According to Today Money, college students have a better chance of getting financial aid if they come from affluent backgrounds than if they are lower on the income scale, some new studies show.
There is growing evidence that colleges may be offering more scholarship money to wealthy students and less to those truly in need, and by doing so are perhaps closing a door to advancement for many families.
A new study by Sallie Mae found that 36 percent of students from wealthy families received scholarships averaging $10,213 for the school year just ended, while 35 percent of students from families earning less than $35,000 a year received scholarships worth an average of $7,237.
“With their relentless pursuit of prestige and revenue, the nation’s public and private four-year colleges and universities are in danger of shutting down what has long been a pathway to the middle class,” wrote Stephen Burd, author of the New America study. Why is this happening? For starters, colleges are in a perpetual race to rise in published rankings. Second tier schools are using offers of aid as lures for highly qualified students who might not otherwise attend – even if those students don’t really need the money.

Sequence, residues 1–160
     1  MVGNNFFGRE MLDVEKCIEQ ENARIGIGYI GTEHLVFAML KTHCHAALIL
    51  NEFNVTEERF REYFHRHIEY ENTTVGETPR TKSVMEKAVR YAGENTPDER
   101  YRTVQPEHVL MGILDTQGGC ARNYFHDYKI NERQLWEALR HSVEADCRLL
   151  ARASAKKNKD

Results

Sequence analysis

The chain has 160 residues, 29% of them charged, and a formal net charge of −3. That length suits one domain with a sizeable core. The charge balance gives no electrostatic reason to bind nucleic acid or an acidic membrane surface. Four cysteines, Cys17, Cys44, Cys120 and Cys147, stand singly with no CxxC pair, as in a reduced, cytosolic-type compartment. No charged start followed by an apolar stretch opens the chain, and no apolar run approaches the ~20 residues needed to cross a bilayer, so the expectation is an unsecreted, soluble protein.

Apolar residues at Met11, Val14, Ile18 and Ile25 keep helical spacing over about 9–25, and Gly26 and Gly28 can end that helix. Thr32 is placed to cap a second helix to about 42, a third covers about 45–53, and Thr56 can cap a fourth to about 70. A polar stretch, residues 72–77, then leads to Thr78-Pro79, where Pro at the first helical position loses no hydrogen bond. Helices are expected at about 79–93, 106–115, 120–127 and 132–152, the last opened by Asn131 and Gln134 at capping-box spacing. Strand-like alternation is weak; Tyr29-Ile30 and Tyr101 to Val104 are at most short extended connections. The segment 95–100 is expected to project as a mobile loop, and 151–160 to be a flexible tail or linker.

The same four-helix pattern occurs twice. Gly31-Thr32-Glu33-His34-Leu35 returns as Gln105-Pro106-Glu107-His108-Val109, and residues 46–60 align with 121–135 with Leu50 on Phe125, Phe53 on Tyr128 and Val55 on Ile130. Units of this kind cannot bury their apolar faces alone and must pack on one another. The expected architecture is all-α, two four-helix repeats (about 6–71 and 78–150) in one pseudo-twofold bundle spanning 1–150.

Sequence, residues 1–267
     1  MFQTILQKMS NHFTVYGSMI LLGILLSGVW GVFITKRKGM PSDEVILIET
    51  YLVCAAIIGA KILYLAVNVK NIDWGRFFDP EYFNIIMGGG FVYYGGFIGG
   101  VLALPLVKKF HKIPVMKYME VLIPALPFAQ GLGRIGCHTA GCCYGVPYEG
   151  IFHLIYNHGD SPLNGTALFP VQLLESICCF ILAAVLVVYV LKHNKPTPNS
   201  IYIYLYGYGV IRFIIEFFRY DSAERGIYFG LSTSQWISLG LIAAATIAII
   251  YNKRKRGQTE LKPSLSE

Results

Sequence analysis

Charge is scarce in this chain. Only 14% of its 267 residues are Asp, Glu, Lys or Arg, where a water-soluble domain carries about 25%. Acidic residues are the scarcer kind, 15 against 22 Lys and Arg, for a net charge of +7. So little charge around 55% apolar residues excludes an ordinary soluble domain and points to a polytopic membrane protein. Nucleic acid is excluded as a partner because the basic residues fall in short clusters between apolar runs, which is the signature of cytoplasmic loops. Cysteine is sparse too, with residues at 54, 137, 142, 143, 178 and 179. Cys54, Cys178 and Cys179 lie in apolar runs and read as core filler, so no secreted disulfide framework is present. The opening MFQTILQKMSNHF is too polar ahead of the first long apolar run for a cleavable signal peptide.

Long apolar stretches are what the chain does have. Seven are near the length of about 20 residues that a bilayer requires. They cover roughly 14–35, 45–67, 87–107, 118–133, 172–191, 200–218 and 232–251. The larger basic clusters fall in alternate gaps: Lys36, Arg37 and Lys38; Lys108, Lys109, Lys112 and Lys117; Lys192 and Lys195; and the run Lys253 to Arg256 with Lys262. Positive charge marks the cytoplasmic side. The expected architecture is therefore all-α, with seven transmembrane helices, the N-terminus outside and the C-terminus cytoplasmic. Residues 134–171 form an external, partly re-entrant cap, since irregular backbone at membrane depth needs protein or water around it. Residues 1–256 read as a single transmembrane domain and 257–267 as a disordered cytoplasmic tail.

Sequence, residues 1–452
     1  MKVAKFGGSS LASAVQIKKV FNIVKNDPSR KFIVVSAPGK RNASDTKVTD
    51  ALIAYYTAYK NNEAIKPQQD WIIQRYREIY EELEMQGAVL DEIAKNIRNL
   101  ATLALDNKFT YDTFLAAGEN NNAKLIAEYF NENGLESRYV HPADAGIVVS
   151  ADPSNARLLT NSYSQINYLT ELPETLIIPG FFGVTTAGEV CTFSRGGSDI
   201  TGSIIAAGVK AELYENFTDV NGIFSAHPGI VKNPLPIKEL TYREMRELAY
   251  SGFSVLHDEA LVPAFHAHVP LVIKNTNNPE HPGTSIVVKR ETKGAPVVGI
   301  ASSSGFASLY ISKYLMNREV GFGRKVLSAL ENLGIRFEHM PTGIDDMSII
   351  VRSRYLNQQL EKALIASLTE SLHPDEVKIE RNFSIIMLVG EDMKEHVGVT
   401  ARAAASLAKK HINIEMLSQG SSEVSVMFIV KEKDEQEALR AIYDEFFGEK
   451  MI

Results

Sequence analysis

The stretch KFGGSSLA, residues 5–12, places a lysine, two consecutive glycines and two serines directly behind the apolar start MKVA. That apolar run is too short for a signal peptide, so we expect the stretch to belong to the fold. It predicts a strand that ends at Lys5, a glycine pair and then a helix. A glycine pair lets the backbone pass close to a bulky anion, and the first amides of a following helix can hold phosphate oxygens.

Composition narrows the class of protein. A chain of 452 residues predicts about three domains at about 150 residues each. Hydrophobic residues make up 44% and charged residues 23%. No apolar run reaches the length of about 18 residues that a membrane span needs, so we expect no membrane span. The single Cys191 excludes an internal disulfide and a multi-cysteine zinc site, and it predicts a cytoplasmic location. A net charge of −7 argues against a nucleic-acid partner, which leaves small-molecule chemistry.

Sandy Baum, a senior fellow at George Washington University’s graduate school of education, agrees that colleges are using merit aid in ways that don’t fit the mission of financial aid. But the underlying trends, she says, are complex.
Scars from the recession are another issue, Baum says, leaving more students in need of aid. One solution, she says, would be for colleges to lower their tuition and reduce the amount of merit aid they award. With colleges competing for the best students, that shift may be a long time in coming – but “they’re going to have to do something different,” she said. “I have to believe we will evolve in that direction.”